England collapsed to a 10-wicket defeat inside three days against Pakistan in Dubai, their first Test loss for more than a year.
Pakistan paceman Umar Gul led the way with 4-63 as England, playing for the first time since claiming top spot in the world rankings with a 4-0 whitewash of India and unbeaten since Perth last December, were bowled out for 160 in their second innings.
That left Pakistan to chase a victory target of 15, a task their openers Mohammad Hafeez (15no) and Taufeeq Umar (0no) achieved inside four overs.
Gul ran through England's top order in the afternoon and was well supported by spinners Abdur Rehman (3-37) and Saeed Ajmal, whose 3-42 completed the second 10-wicket match haul of his career.
The three-match series continues in Abu Dhabi on January 25.
Facing a first-innings deficit of 146 and 40 minutes to bat until lunch, England lost captain Andrew Strauss in the fifth over of their second innings.
He was caught behind down the leg-side off Gul's bowling, a decision that was upheld on review despite Hot Spot showing no mark on Strauss' bat.
The situation quickly got much worse for the tourists in the middle session as Alastair Cook, Kevin Pietersen and Ian Bell went in quick succession.
Cook played too early at another short delivery from Gul to present wicketkeeper Adnan Akmal with another catch down the leg-side.
And Gul struck for the third time in his next over. Pietersen, having failed to score from his first seven balls, pulled the eighth straight to Rehman at deep square-leg.
That brought Bell to the crease on a king pair after his first-ball dismissal in the first innings. Bell did manage to get his first runs of the match with a lofted boundary off left-armer Rehman.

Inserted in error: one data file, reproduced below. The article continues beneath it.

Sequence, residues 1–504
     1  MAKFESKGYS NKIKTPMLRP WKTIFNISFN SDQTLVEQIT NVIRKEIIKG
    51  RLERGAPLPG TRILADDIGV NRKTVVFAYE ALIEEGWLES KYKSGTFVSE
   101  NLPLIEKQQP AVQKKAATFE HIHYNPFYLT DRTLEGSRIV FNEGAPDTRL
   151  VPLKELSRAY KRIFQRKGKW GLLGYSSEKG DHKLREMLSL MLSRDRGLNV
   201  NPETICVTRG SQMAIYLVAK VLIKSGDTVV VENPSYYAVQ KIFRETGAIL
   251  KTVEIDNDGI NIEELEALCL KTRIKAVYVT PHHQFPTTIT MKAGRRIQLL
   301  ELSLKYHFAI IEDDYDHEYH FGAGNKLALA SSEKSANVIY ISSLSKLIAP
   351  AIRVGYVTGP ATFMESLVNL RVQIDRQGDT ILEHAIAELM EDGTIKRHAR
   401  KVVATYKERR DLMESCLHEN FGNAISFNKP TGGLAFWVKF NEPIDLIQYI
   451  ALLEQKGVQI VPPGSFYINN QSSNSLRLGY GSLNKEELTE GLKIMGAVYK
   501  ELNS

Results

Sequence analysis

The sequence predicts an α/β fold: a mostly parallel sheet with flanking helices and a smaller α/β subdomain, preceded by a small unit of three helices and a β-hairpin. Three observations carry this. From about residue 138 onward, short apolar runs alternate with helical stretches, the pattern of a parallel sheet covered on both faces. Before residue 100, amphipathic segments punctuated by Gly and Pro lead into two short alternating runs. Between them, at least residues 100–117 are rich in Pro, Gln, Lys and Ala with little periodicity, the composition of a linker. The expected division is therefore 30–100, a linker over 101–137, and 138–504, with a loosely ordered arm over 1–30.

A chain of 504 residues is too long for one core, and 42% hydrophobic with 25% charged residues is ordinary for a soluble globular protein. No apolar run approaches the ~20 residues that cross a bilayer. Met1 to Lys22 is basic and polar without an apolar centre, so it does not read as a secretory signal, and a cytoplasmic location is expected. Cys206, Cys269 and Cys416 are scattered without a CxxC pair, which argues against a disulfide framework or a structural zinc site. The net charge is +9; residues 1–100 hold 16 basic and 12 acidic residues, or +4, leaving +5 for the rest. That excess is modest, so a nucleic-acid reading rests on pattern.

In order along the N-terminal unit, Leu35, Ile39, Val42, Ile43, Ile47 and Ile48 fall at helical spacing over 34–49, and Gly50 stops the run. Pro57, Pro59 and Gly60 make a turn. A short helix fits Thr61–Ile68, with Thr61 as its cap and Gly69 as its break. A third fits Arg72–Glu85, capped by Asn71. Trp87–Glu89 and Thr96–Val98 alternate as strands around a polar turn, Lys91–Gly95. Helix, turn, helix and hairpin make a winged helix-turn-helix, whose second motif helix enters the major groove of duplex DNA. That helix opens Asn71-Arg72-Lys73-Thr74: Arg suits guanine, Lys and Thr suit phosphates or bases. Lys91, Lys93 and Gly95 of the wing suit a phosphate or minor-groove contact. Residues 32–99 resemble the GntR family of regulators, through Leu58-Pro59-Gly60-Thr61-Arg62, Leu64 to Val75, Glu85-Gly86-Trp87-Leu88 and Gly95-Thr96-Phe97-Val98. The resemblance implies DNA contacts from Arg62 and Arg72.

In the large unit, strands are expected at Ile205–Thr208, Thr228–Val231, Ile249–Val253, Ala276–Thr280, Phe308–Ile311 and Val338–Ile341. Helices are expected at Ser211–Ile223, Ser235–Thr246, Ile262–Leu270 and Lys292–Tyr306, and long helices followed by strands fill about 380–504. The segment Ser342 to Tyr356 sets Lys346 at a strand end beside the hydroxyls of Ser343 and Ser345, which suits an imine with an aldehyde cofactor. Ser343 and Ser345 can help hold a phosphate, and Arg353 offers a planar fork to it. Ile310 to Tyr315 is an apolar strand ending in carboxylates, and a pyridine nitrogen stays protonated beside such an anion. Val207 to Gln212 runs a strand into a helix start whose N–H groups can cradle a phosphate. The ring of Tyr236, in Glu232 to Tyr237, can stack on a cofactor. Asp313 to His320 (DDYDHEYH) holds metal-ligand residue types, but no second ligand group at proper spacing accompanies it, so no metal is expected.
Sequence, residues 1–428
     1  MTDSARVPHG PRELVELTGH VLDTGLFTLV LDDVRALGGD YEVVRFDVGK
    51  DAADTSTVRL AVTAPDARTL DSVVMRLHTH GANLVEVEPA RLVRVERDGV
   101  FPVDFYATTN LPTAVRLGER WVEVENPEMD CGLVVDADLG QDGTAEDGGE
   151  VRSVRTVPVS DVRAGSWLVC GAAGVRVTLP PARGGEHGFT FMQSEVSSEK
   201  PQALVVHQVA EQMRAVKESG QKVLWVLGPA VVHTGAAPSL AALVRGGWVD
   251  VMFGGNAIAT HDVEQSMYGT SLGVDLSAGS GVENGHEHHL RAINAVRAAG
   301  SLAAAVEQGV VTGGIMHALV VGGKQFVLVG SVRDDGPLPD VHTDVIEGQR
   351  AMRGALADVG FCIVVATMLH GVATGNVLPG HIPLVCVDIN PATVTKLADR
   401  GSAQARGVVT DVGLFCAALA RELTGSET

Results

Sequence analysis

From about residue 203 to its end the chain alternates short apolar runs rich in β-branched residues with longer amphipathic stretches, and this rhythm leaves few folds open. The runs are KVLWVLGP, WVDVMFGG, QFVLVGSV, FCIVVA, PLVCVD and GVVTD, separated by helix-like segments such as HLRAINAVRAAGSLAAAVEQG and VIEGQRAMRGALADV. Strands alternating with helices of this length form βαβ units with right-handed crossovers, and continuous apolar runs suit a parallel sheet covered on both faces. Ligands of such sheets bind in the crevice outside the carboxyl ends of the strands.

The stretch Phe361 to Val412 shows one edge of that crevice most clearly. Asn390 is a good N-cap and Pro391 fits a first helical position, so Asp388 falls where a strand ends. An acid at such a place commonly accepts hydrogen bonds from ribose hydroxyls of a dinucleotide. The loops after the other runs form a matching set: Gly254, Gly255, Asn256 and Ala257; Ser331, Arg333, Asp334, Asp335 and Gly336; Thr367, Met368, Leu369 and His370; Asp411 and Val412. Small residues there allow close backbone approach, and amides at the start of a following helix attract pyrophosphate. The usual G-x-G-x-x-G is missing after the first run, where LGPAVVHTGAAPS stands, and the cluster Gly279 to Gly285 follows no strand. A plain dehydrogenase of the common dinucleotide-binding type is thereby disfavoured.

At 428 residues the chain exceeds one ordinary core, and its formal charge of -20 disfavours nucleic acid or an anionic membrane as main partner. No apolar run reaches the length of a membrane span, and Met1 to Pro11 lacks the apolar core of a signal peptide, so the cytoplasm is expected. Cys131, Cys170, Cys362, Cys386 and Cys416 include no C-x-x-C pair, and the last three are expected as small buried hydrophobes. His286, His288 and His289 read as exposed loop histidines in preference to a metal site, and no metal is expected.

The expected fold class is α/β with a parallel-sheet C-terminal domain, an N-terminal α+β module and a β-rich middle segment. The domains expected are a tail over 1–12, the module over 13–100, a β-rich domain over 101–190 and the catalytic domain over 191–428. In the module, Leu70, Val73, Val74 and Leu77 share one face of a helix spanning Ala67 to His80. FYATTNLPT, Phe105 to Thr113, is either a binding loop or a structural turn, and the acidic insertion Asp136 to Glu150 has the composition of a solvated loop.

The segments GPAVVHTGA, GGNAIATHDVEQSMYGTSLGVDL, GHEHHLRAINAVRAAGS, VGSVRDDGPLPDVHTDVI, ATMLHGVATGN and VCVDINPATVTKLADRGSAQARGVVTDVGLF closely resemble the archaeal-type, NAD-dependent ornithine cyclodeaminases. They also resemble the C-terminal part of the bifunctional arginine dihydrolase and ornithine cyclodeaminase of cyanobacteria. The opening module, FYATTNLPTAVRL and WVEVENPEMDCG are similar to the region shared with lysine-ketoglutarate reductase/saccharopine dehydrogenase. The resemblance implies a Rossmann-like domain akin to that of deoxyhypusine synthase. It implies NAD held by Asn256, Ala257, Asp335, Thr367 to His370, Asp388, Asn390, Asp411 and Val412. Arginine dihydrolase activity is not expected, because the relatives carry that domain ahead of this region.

But that was all the Warwickshire right-hander had to show before Ajmal's doosra fooled him for the second time in the match. Bell played inside the line and was given out lbw, England burning their final review in a futile effort to overturn umpire Billy Bowden's verdict.
Coming together at 35-4, Jonathan Trott and Eoin Morgan briefly regrouped with a 39-run stand but Morgan was undone by Rehman just before tea, prodding at a ball that pitched in the footmarks to give Akmal his third catch of the innings.
Trott became bogged down on 49 early in the evening session, failing to score for 13 balls before finally losing patience against Gul and carving a big edge through to Akmal.
And Matt Prior soon followed, trapped by Ajmal's doosra playing back to become the spinner's seventh lbw victim of the match, one short of the Test record.
Gul thought he had completed a five-wicket haul when Bowden raised the finger to an lbw appeal against Swann, only for the batsman to be called back after the TV umpire told Bowden that Gul had overstepped.
From the 87-7, Swann and Stuart Broad took a positive approach to putting on 48 but it was only delaying the inevitable.
Broad holed out for 17 and Rehman followed up by having Chris Tremlett held at slip with his next delivery. Last man James Anderson avoided the hat-trick and hung around long enough for England to move into the lead and at least avoid the ignominy of an innings defeat.
The lead was 14 when Swann (39) sent a leading edge into the hands of cover to complete match figures of 10-97 for Ajmal.
Akmal's 61 had earlier allowed Pakistan to extend their first innings from an overnight 288-7 to 338 all out in the first 15 overs of the day.
Gul departed for a duck, driving to Morgan at point in Broad's opening over to continuing the collapse that had seen Pakistan lose Misbah-ul-Haq and Rehman late on day two.
Akmal forged useful stands with Ajmal and Aizaz Cheema for the final two wickets to frustrate England.
Ajmal contributed 12 to a ninth-wicket stand of 30 before off-spinner Swann had him caught via bat and pad. Umpire Bowden gave it out on the field, a decision that was upheld on review as replays were inconclusive.
Akmal went to his second Test half-century from 117 balls and put on 19 with Cheema before being last out, stumped giving Swann (4-107) the charge.